Covid-19: Resolute Macron says France ‘will not give in’
President devotes day to personnel on the front line of struggle against rampant virus
French president Emmanuel Macron promised overtime payments and a ‘gratitude bonus’ to medical personnel. Photograph: Getty
France is “only at the beginning” of the coronavirus epidemic, said President Emmanuel Macron on Wednesday night. “But we will hold on . . . because we will not give in. We will hold on because we have the strength.”
Macron spoke outside an army field hospital in Mulhouse, eastern France, at the end of a day devoted to the doctors, nurses, pharmacists and ambulance drivers who are “on the front line” of the battle against Covid-19.
The president promised overtime payments, a “gratitude bonus” to medical personnel and a massive investment plan for French hospitals once the crisis ends.
He did not mention the expected extension of the nationwide lockdown that started on March 17th and was scheduled to last two weeks. Minister for Health Olivier Véran says it is likely to be prolonged at least until April 28th.
The Élysée called eastern France “the emotional epicentre” of the epidemic.
More than one-third of France’s 1,331 Covid-19 fatalities were in the east of the country. An additional 231 people died in 24 hours from Tuesday to Wednesday evening. At least 25,233 French residents have contracted the virus.
These figures concern hospitalised patients only, and casualties are feared to be much higher. People who suspect they have the illness have been instructed to self-isolate unless they experience difficulty in breathing. Only at that point are they to call emergency services.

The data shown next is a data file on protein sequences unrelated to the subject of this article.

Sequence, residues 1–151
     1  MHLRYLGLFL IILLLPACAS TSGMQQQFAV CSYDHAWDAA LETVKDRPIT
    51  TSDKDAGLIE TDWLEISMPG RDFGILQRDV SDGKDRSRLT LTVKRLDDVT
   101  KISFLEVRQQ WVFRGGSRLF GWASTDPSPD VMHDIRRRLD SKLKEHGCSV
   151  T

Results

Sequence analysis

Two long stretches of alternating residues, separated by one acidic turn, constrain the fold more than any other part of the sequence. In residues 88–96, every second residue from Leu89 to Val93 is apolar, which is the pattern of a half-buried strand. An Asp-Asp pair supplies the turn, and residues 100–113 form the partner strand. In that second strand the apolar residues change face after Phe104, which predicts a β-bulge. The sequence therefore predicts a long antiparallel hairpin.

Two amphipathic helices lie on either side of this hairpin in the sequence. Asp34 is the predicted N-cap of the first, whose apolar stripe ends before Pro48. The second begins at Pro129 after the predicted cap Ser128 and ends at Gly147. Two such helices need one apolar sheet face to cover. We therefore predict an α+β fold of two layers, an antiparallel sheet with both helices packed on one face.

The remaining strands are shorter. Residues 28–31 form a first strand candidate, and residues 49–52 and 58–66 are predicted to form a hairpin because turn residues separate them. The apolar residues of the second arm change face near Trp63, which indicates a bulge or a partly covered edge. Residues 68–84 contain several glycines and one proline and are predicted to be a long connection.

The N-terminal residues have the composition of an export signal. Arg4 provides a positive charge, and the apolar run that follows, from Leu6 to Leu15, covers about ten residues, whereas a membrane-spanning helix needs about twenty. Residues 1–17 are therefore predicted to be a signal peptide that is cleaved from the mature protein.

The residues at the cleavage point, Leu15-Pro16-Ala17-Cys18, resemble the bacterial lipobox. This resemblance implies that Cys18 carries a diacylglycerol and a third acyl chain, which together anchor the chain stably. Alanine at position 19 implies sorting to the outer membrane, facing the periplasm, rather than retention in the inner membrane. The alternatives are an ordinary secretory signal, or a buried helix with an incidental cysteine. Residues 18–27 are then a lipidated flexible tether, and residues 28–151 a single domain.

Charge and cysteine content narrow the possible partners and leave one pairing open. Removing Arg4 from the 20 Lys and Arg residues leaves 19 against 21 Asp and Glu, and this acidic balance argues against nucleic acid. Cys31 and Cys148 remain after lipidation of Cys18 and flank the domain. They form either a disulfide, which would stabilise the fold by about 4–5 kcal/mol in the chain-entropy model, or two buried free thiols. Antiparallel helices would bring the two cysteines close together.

Martin Hirsch, director general of public hospitals in Paris, issued an urgent appeal for equipment and donations, saying more than 1,000 patients are in critical condition in Paris.
Hirsch asked for respirators, for “thousands” of additional personnel, whether volunteers or requisitioned, and medical supplies. He said it was impossible to plan more than three days in advance.
Twenty-one residents of a nursing home in the Vosges are believed to have died of Covid-19. All were in their 90s. Healthcare professionals fear the epidemic could claim the lives of as many as 100,000 nursing home patients.
President of the French hospital federation Frédéric Valletoux said between 100 and 150 of 700 nursing homes in the Paris region are believed to have been infected with the virus.
Eighteen care givers at a nursing home in the Charente region confined themselves with residents to avoid spreading the virus.
France is conducting 5,000 coronavirus tests per day, because it has the capacity to do no more. The minister for health on Wednesday told the French senate that a new serological test, conducted on blood samples rather than by extracting mucous from the nasal cavity, had been fast-tracked for approval at the Institut Pasteur.
The favoured strategy will be to step up testing to up to 50,000 per day when the lockdown is lifted, so that only carriers of the virus will need to be isolated.
How have legislators reacted?
Earlier in the day, the French National Assembly passed 25 decrees, a record in the 62-year history of the fifth republic. “This will be more and more an economic shock, a social shock,” said prime minister Edouard Philippe.
The decrees create a €1 billion solidarity fund for small, independent enterprises, help for the tourism industry and adapt regulations for public markets.
Politicians voted to give absolute priority to medical personnel with regard to protective clothing, transport and lodging. They authorised increased unemployment benefits and continuation of all social welfare payments. At the same time, employers were granted the possibility to ask employees to work up to 60 hours weekly. The justice system was authorised to free up to 6,000 prisoners.
Meanwhile, minister for finance Bruno LeMaire said the economy would suffer “a big step backwards” from the crisis. And Orly airport announced that it will close temporarily from March 31st because of the declining number of flights. The few runways still open at Roissy Charles de Gaulle will absorb the remaining traffic from Orly.
La Poste will reduce mail delivery to three days a week from March 30th.